Trans is when people assume I’m a trans woman and I don’t correct them, because at least they think I’m trans.

Trans is knowing that I will never pass as non binary, that people will always try to see me as either a man or a woman.

Trans is the joy I feel when someone says they didn’t know whether I was a boy or a girl.

Trans is coming out to the internet, but still feeling unsure about coming out to friends.

Trans is me.

4 comments

  • I originally posted this as a comment on my friend’s facebook page, when they shared the article, and they suggested perhaps I could post the comment here for the author to read.

    So here goes:

    Oh, I wish I could just wrap them up in bug, safe, warm internet hugs and tell them it’s okay to be all of themselves in all their…theirness. They have every right to be just as they want to be, to live, and love, and move, and be without fear or judgement from anyone else. Nothing anyone else says invalidates any one bit of their trans identity. Not mine, not yours, not the theoretical Jane Smith next door. Just like no two people in the world of invalidate each other’s genders by having different ways of being, we all just are. And we all have a right to be.

    If Harry Potter taught us anything, it’s that nobody should have to live in closets anymore. I understand if they don’t feel safe, though. Especially maybe in these dark days. I do wish them the peace of knowing that they are enough, though. Yes. They are enough.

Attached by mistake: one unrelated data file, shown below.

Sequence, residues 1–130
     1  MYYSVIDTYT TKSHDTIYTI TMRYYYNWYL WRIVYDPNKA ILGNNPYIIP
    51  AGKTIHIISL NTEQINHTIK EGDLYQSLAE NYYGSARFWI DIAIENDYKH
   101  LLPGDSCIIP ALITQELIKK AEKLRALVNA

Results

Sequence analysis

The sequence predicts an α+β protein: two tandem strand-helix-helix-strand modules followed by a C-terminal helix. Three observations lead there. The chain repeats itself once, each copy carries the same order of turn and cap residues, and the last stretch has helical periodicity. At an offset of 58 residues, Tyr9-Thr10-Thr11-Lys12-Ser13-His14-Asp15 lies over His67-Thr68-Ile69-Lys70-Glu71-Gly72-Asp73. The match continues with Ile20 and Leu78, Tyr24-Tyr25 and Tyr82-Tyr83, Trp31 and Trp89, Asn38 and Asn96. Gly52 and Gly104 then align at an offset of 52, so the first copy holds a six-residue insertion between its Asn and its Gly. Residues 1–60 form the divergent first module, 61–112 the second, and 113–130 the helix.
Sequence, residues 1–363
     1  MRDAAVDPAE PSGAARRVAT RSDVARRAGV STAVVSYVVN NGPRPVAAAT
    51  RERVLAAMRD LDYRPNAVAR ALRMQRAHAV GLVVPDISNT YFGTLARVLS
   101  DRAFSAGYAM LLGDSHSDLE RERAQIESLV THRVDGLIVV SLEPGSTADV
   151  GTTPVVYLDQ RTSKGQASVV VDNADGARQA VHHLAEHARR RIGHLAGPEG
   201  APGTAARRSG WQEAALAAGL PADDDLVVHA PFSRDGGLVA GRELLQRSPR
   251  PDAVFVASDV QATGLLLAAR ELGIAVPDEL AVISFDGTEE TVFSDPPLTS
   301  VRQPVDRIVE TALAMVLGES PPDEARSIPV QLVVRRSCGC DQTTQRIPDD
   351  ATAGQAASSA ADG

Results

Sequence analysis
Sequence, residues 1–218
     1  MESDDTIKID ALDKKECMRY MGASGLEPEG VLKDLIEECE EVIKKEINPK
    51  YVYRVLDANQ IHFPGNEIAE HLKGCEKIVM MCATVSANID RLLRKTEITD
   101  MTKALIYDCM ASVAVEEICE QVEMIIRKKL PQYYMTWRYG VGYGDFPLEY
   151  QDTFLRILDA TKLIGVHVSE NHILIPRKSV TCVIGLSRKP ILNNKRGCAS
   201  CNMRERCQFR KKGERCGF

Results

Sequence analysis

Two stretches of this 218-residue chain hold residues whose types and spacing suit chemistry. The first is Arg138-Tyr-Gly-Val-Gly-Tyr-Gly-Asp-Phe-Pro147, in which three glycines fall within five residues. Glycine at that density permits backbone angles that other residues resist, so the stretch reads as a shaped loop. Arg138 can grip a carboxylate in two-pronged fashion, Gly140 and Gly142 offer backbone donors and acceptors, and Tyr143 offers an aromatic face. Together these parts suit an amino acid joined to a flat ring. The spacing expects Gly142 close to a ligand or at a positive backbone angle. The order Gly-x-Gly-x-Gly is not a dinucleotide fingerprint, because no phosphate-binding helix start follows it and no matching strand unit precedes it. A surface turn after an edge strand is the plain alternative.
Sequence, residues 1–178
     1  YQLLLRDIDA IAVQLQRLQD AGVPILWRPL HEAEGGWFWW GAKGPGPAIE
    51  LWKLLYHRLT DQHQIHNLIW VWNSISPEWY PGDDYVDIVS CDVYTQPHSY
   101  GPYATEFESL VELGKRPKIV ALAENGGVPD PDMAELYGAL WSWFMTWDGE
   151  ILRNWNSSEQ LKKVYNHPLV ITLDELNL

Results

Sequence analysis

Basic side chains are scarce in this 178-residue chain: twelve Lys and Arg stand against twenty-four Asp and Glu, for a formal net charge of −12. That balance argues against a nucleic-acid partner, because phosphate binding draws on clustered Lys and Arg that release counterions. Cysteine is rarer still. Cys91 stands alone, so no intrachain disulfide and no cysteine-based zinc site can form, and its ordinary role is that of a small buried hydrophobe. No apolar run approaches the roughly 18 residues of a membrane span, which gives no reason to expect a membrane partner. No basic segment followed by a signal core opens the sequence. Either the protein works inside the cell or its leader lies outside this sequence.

• Thank you for sharing your experience as a trans person, Grace. I am ecstatic for you, and so very grateful for your trust and strength to share. It means I can better understand you, and therefore be better support for you. 💜

  • Pingback: I’m Coming Out | Elliott Grace Harvey

  • My best friend shared this link with me, said she identified very strongly with the vast majority of what you said. And I’m so sorry you’re having to deal with all this hurt, I really am. I’m sorry anyone has to hurt like this. For what it’s worth, I believe you, I believe that you are who you are, that you’re not making shit up about your gender. I’m not… I’m not an eloquent person, so just… Here, comfort and hugs and support. I give good hug.